lol, the implication from this thread and past ones like it is that medicine as a whole is being sold away piece by piece. I can only feel sorry for those high schoolers starting premed. There really will be nothing left by then.
I took a history/econ course once in college---mainly to hit on this girl. When I realized she wanted nothing to do with me (and maybe after the threat of a light restraining order, hey it was the 90s!)---I stopped pursuing her and paid more attention in class. As it turns out: American history is full of examples where a highly skilled individual is first glorified and paid lots of money to do a job (in a particular industry), but then the industry realizes it's paying too much for this individual, and finds an alternative. If/when the alternative works just as well, it becomes the standard.
When automobiles first came out, only a PhD/MS mechanical engineer was allowed to fix one if it broke. When they realized there weren't enough of them (and they were too costly), and a belt could be changed by a 'common man', hence the birth of your local mechanic.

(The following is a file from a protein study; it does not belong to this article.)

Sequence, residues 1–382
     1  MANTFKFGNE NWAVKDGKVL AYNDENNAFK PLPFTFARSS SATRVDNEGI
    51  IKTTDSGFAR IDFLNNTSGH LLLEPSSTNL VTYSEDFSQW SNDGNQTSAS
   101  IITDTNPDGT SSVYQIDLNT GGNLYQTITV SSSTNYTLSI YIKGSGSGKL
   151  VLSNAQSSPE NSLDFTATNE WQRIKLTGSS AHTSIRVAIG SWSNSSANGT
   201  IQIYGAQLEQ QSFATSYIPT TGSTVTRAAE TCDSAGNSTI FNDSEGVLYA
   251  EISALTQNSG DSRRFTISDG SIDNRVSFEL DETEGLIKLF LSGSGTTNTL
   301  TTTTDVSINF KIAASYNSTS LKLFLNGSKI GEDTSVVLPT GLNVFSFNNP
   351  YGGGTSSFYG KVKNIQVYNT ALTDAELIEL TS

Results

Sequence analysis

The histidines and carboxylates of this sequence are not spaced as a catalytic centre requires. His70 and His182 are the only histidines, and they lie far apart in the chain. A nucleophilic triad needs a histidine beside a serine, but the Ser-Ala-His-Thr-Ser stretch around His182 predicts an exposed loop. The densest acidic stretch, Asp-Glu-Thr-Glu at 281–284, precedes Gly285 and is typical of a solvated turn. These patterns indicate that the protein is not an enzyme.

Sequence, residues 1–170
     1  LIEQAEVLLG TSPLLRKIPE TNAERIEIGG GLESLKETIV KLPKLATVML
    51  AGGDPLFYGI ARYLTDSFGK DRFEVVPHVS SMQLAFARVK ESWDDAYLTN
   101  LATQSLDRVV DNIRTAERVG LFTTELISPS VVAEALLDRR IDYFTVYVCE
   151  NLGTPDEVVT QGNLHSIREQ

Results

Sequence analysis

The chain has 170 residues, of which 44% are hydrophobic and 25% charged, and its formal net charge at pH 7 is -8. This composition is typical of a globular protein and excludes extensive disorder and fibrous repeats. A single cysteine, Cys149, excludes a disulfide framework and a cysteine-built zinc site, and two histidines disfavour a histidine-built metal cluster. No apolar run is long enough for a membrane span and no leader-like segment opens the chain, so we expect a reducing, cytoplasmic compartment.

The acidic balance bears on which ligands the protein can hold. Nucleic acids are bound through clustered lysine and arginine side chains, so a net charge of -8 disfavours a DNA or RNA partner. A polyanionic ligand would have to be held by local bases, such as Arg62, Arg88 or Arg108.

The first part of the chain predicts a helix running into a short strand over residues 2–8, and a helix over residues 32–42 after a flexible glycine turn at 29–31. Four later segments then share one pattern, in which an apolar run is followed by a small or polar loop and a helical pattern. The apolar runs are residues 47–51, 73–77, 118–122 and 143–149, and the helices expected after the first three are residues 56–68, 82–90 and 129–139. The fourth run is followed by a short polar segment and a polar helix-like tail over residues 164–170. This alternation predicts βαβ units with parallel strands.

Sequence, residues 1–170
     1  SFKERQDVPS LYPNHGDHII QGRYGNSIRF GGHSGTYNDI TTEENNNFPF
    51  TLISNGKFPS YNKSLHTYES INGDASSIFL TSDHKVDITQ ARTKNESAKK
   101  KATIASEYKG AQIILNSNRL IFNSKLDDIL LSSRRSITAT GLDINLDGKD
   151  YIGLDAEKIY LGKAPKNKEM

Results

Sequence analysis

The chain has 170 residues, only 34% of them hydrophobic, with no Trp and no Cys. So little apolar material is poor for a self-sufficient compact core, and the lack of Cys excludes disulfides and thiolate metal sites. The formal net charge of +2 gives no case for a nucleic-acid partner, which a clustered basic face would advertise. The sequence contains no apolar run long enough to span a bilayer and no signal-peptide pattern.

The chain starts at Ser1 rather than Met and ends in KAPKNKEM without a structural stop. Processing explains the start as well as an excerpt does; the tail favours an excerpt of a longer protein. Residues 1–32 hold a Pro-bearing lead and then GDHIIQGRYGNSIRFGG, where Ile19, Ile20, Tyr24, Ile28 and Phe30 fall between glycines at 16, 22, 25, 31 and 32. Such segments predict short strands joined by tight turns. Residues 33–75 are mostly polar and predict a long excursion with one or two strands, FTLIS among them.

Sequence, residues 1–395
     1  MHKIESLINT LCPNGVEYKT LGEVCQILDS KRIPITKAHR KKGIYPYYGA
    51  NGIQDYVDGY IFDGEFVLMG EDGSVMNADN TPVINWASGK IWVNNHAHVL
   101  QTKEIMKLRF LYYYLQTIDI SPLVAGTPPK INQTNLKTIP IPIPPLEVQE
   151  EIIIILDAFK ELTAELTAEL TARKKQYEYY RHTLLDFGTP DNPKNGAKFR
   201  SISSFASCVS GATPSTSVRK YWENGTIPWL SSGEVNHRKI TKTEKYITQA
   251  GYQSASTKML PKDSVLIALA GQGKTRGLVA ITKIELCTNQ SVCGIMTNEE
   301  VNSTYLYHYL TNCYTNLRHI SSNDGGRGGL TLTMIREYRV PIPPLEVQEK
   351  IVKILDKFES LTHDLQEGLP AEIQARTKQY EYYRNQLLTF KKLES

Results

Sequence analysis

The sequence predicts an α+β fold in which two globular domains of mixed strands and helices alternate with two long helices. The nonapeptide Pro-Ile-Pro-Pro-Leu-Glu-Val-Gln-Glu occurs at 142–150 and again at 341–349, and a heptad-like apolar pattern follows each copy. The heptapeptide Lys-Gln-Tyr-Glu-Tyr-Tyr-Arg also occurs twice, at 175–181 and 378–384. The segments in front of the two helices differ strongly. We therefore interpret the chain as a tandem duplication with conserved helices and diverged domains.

In a creepy way, medicine is now following this pattern (it only took a 100 years to catch up to the automotive industry).
Don't take my word for it. Ask your favorite local econ/history professor, this is classic.
The ultimate blame for this should still rest with the hematologist, who is doing their part in selling out medicine to midlevels. They could instead try to hire an actual heme onc doctor to help cover the consult load..
Yeah, you could pay a Heme/Onc $400K a year to do this, or a mid-level $150k/year. Economically, the choice is clear. What's crazy is: Heme/Onc was one of the specialties that vehemently vowed to never allow mid-level encroachment. (And I don't mean to pick on Heme/Onc, they're not the worst offenders. Don't get me started on Neurology!)